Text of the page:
We have essentially created a resilient, digitised mobile office. They are also mini command units, but of course we still need the joint command unit at larger incidents and events. This is a significant step towards modernising our fleet, but we are still running many of our analogue processes and it will take time to transition to achieve our aspiration for a paperless environment.
In addition to our eight new fire appliances, we have procured a 42-metre aerial appliance. We didn’t want to miss an opportunity to use it to further enhance our technology infrastructure. From this and from our eight new appliances, we will be able to stream video and access data. We decided to enhance the camera capability on the aerial appliance, streaming video via COFDM (coded orthogonal frequency-division multiplexing) and LTE (long term evolution) which is ultra-reliable when it comes to coverage and latency back to the joint command unit, our new appliances, fire control and remote command rooms.
A key focus is how we can make connectivity seamless for our responders. We want to be able to interconnect between our appliances, and we want to connect on the incident ground as if we are in a fixed location, whether fire control or joint command facility. We want to share video regardless of where it comes from, CCTV, drones, body worn cameras and delivers it to any authorised location. We’re well on the way to interconnectivity but we want to be able to scale that over time and that’s what our planning now will enable us to do in the future. Our vision is certainly for a connected digital fleet.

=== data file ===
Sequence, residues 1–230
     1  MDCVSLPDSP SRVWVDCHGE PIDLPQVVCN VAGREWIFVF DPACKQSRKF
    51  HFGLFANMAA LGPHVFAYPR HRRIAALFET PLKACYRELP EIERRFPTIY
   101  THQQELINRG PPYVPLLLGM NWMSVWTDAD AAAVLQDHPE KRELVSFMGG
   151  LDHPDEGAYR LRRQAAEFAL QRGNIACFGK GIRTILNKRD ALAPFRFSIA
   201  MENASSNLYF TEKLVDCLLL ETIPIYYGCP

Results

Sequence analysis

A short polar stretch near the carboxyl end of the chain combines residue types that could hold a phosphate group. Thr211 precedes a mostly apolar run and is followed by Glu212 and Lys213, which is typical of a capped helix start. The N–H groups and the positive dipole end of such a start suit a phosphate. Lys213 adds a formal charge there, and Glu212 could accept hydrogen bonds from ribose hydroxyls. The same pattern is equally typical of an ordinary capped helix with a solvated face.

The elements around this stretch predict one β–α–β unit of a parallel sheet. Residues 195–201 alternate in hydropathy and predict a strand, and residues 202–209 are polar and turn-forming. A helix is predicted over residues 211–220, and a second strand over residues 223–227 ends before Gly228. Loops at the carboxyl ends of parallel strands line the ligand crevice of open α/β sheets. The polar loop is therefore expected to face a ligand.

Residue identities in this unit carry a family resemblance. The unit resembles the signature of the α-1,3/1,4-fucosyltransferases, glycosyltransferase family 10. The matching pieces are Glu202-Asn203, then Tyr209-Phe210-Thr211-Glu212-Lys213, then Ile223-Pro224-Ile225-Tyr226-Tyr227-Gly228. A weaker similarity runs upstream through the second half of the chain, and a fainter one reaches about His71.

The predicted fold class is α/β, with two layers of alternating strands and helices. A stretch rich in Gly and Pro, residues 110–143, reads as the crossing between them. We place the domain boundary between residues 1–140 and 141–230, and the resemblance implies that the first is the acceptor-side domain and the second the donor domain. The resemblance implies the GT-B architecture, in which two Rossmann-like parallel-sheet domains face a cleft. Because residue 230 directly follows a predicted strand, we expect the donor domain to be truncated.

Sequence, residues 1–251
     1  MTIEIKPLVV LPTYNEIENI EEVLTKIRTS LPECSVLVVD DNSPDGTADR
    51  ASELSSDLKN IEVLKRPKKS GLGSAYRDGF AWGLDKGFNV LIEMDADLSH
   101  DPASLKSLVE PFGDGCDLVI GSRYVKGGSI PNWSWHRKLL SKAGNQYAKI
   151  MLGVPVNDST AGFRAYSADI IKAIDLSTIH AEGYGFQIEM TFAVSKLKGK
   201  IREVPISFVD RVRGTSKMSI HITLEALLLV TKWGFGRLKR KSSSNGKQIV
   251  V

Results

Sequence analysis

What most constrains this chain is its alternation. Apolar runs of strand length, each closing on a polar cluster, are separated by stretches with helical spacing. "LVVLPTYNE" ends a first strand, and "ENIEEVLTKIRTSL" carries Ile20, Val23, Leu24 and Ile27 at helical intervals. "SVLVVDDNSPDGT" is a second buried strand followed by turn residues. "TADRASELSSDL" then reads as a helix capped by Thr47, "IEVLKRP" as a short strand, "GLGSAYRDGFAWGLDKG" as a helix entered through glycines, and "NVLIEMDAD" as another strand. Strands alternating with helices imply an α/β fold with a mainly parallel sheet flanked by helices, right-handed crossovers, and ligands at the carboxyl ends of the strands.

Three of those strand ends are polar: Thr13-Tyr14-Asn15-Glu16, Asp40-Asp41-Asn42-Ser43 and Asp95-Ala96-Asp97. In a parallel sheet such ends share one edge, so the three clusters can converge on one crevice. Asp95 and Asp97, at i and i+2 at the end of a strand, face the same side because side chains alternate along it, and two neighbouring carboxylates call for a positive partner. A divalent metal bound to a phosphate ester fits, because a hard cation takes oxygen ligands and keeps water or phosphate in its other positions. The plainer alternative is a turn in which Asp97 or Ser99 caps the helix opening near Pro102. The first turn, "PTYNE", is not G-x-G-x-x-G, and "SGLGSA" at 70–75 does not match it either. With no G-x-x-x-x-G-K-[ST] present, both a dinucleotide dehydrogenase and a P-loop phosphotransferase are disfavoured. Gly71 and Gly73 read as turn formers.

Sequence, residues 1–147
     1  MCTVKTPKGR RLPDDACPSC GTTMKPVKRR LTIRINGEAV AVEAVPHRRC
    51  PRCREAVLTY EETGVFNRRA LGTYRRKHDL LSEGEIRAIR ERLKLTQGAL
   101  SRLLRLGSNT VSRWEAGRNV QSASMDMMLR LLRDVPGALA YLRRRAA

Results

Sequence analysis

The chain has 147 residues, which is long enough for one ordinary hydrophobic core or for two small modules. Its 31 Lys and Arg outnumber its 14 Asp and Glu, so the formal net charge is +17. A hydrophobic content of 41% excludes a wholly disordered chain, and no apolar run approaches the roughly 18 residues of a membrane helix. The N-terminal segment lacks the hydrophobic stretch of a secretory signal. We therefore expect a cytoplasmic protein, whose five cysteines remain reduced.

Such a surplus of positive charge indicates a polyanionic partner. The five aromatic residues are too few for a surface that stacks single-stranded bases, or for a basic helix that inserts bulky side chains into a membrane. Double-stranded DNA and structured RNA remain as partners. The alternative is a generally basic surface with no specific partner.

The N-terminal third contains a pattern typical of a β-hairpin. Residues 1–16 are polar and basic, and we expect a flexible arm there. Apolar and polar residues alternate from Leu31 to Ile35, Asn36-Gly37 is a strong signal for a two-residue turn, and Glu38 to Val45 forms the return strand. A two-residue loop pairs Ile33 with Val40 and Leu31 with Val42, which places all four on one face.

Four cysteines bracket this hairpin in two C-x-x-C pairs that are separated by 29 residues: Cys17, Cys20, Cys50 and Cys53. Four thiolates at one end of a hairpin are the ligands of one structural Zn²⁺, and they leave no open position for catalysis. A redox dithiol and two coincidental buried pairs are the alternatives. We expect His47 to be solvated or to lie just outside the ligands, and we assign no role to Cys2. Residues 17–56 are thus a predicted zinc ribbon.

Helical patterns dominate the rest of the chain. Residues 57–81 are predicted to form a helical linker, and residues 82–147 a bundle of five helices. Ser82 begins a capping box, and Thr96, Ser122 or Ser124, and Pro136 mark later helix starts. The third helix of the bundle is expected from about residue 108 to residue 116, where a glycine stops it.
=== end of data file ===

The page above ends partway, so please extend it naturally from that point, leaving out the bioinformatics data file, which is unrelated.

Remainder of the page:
We are striving to achieve interoperability, not just with police and ambulance but with other agencies. We are looking at how we can expand our resilient connectivity with our Local Resilience Forum partners.
Future proofing our fleet
We are reviewing our future fleet requirements which include new specialist appliances and enhancing our wildfire capability. Our recent experience of responding during the heatwave demonstrated how we need to re- evaluate risk and consider all the potential climate change impacts and how we can improve our response with such connected technology.